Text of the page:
Leavey Library Auditorium, on April 22, 2014, 6:15 pm – 7:45 pm.
In the early 1920s, Hollywood’s superstar Rudolph Valentino and Italian dictator Benito Mussolini gained outstanding popularity in America. Their fame resonated with a widespread fascination for narratives casting a white, charismatic leading man capable of presiding over a new phenomena often gendered as female: crowds of film fans, political unrest, and an expanded social and political suffrage. Through a close reading of press and archival evidence and in dialogue with both star studies and American political history, my talk seeks to discuss the emergence of an expansive cultural and political discourse that, by relying on the racial and national alterity of these two Italian icons, pragmatically questioned the foundations of democracy against its seemingly mainstream approval.Light refreshments will be served. For further information, please contact Gaoheng Zhang, Ph.D. at firstname.lastname@example.org __________________________________________________________________ email@example.com by Monday, March 31.
Vincent Bruyère is Assistant Professor of French in the Department of French and Italian at Emory University. Professor Bruyère’s first book, La différence francophone – Jean Léry à Patrick Chamoiseau, was published in 2012 with Rennes University Press in France. His primary research focus is on the French Americas, and on questions of research ethics in historiography and health sciences. His latest book project attempts to write a literary and cultural anthropology of our belief in survival in the age of medical and environmental bioethics. His articles have been published in journals such as L‘Esprit Createur and Intermedialites. In 2012, he was a visiting fellow of the Humanities Research Centre at the Australian National University.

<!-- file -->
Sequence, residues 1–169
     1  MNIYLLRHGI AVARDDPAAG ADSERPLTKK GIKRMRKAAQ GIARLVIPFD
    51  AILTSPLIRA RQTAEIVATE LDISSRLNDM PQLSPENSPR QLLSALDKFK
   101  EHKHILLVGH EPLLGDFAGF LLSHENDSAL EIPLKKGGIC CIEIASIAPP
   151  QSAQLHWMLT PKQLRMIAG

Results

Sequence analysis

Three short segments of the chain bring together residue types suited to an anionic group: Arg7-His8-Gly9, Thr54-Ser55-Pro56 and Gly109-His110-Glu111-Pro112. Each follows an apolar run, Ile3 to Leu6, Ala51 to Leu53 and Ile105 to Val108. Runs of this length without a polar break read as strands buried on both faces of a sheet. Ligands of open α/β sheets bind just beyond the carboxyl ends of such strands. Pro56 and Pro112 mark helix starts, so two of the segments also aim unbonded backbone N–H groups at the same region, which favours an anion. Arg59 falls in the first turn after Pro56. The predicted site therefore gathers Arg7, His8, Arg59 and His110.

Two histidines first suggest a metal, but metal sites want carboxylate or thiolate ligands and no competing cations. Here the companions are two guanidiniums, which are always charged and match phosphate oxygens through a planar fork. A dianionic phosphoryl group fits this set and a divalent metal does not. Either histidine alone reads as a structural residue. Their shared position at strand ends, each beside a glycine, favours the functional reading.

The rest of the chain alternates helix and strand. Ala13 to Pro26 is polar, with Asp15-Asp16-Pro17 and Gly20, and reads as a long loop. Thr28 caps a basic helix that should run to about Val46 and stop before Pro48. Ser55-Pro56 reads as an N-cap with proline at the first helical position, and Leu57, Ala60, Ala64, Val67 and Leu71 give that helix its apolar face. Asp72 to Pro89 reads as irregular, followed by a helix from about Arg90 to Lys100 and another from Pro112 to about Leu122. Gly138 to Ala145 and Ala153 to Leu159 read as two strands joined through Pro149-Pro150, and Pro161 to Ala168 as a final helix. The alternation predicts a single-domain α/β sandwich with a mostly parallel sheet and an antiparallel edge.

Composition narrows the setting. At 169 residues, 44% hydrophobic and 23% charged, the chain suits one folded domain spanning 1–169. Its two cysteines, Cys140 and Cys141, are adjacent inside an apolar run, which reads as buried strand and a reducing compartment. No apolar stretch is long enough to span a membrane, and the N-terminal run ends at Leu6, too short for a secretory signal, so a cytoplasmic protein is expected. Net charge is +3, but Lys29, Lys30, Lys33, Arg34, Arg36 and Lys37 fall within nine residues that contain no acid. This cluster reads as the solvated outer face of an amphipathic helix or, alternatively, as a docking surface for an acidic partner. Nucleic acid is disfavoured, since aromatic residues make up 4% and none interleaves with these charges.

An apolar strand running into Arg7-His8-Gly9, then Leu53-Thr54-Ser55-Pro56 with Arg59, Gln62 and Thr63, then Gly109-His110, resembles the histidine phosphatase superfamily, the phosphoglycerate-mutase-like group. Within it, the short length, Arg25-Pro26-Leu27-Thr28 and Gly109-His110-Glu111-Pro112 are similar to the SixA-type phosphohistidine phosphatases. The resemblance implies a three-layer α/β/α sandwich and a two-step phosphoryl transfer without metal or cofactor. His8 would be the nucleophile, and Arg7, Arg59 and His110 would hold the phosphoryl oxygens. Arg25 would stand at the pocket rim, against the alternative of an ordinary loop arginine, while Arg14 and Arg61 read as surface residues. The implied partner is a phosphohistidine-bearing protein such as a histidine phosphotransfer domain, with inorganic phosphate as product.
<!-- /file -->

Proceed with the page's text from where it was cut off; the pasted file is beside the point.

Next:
ABSTRACT: “Medical Humanities in the Exhausting Present”
With this paper, I propose to err on the speculative side with respect to the description of a domain of research. The intervention is speculative in the sense that I will not come up with facts, figures, or definitional outcomes explaining why the domain of Medical Humanities matters, or why it manages to mobilize resources and warrant expenditures. It is a domain to the extent that it occupies a space of answerability that revolves around a question: How do we stay attached to the humanities, understood as social project and discourse of self-formation, in a culture of life, and what forms of life do these attachments take? In that sense, Medical Humanities are less a division of the humanities, or even a division of literature within the research university, than that which endures in effect the disjuncture between the human and life, and endures as a form of reliance in such states of disjuncture.
A dialogue between two widely-published authors, John Beckman & Tom Bissell. Moderated by Molly Pulda, USC Provost’s Postdoctoral Scholar in the Humanities, English